On a frigid morning, a group of Red Cross volunteers mill about the parking lot of Aqueduct Race Track for just a short time before snapping into action under the direction of Red Cross volunteer, Nelson Valina, an active duty Colonel in the United States Marine Corps.
The food has arrived at Kitchen 2 and there is now much to be done. Like an efficient platoon of Marines, the volunteers take their place at the truck to quickly unload the day’s meals for those affected by Hurricane Sandy. They hurriedly take cambros of hot food and are then directed to the correct pallet by Col. Valina.
A makeshift cardboard chart shows where each pallet is located, making the unloading that much faster and more efficient. In a matter of minutes, the truck is unloaded, the pallets are filled with hot food and fresh fruit and the next phase of the mission begins.
During the brief down time when the Emergency Response Vehicle (ERV) drivers race off to get their vehicles, Col. Valina transforms from commanding officer to cheerleader. “You guys rock! You guys rock!” he shouts to the volunteers in the freezing temperatures. Everyone smiles, high-fives all around, the morale couldn’t be higher.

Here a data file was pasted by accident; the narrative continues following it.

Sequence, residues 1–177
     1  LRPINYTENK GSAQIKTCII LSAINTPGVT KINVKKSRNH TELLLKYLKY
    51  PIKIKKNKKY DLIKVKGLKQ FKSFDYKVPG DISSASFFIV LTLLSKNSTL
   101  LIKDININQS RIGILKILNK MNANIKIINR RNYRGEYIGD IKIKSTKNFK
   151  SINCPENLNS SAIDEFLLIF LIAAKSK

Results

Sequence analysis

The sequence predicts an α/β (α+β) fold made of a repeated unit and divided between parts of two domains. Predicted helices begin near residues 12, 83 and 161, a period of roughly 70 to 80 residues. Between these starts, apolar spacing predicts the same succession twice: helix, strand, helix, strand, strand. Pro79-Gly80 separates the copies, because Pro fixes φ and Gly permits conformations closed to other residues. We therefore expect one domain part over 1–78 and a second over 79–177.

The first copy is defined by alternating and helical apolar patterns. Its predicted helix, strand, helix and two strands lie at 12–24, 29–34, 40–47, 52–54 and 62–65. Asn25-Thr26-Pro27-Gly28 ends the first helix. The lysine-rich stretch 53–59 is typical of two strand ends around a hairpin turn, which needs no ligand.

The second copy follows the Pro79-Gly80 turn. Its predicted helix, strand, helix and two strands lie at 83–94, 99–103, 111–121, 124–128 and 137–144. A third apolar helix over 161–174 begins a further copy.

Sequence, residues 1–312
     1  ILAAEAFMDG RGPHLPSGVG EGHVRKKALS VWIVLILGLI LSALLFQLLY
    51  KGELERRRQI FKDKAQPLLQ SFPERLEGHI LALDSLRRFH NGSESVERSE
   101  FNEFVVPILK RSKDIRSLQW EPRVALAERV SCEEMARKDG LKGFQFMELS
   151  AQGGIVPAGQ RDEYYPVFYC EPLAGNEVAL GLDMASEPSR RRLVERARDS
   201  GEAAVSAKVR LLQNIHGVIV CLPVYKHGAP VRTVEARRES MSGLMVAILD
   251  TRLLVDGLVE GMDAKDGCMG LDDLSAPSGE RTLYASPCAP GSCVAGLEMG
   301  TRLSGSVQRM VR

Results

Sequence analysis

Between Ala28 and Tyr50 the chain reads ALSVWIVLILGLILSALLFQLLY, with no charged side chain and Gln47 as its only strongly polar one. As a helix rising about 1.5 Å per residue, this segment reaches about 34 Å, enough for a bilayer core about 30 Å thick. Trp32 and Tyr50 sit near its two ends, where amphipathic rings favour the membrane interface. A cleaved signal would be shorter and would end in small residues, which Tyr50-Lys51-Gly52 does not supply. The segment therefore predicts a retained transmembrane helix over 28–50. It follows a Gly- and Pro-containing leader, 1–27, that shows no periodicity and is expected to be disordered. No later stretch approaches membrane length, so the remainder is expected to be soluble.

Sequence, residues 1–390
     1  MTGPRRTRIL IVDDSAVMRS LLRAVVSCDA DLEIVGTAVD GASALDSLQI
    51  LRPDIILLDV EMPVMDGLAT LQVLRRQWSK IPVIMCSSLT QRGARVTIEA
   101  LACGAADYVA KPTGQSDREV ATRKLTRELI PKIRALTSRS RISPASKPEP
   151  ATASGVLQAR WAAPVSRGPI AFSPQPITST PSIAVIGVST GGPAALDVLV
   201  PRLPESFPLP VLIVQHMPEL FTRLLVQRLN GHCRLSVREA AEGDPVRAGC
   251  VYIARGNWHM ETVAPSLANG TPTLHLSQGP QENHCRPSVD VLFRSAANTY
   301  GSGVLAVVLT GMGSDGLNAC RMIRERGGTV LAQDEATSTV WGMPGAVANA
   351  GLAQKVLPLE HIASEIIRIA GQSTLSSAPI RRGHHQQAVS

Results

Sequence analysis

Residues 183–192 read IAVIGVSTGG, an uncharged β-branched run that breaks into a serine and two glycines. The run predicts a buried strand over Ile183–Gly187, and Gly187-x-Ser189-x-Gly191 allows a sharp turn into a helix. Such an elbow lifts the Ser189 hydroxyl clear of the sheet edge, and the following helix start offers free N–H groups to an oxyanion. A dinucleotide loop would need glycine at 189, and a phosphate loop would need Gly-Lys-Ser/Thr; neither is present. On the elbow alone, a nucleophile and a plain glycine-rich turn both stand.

Time to switch gears again, there is still work to be done and the Colonel doesn’t easily forget that we’re here to do a job, we’re here to take care of people and fulfill the Red Cross mission. Now that the pallets are loaded, it’s time to load the ERVs heading out to the neighborhoods.
Each ERV is directed into the yard with precision, stopping near its assigned pallet. Again, the platoon of volunteers snaps into action – grabbing cambros and cartons of fruit from assigned pallets and loading them into the back of the ERV.
Loaded with food and other supplies, the ERVs then depart for their assigned routes. Each ERV heads to a different neighborhood affected by Sandy. Col. Valina even has his route once the yard has been cleared and all ERVs are ready to head out. Some drivers remain for weeks, getting to know those residents on their assigned route. Others switch routes and see different parts of the New York community.
No matter, the result is the same…fulfilling the Red Cross mission by bringing comfort to those affected by natural disaster. A hot meal, a listening ear, a caring smile or just a hug; those are the items provided for relief. Those, and the amazing volunteers, are what make the American Red Cross tick.